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Copyrighted Gray Market Goods May Not Be Stopped By Copyright Owner
Description Reimporter of copyrighted product sold for less in foreign than domestic markets undersold producer in domestic market who controlled distribution within the country. Under first sale doctrine, Supreme Court held that there was no infringement and resale could not be prevented.
Topic Intellectual Property
Key Words Copyrights, Gray Markets, First Sale Doctrine
C A S E   S U M M A R Y
Facts L'anza sells hair care products in the U.S. only to distributors who agree to resell within limited geographic areas to authorized retailers. L'anza promotes its products with significant advertising and promotions. In foreign markets its product prices are lower and it does little advertising. L'anza's U.K. distributor sold large quantities of the goods to Quality King, a U.S. company, which reimported them back to the U.S. and resold them at discount prices to unauthorized retailers. L'anza sued, claiming that Quality King's actions infringed L'anza'a exclusive rights under the Copyright Act to reproduce and distribute the copyrighted material (the labels on the products) in the U.S.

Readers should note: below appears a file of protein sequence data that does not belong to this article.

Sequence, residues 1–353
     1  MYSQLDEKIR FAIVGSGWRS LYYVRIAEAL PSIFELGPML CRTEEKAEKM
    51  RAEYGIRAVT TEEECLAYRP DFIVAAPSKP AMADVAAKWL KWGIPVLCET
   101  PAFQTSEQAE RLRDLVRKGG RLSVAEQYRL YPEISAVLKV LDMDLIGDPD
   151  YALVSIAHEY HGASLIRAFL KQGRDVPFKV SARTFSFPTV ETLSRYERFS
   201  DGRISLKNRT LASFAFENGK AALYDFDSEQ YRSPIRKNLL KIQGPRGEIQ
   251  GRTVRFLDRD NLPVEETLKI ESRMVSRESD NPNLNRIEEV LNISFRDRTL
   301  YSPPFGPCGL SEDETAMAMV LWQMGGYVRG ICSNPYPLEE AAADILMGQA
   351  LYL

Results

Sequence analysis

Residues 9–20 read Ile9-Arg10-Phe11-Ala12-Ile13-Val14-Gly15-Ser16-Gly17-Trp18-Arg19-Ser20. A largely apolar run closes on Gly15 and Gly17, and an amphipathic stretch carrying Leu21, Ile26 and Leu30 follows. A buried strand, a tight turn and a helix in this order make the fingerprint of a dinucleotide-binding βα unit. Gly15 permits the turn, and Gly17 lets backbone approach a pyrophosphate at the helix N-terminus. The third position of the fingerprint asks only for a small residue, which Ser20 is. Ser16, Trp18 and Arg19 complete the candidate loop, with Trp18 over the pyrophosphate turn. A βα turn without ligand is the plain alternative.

Decision Reversing the lower courts, the Supreme Court unanimously held that under the first sale doctrine, which is codefied in the Copyright Act, the owner of copyrighted material is entitled, without permission of the copyright owner, to sell or otherwise dispose of purchased copyrighted materials, imported or not.
Citation Quality King Distributors, Inc. v. L'anza Research International, Inc., 1998 WL 96265 (S.Ct.)
or
118 S.Ct. 1125 (1998)

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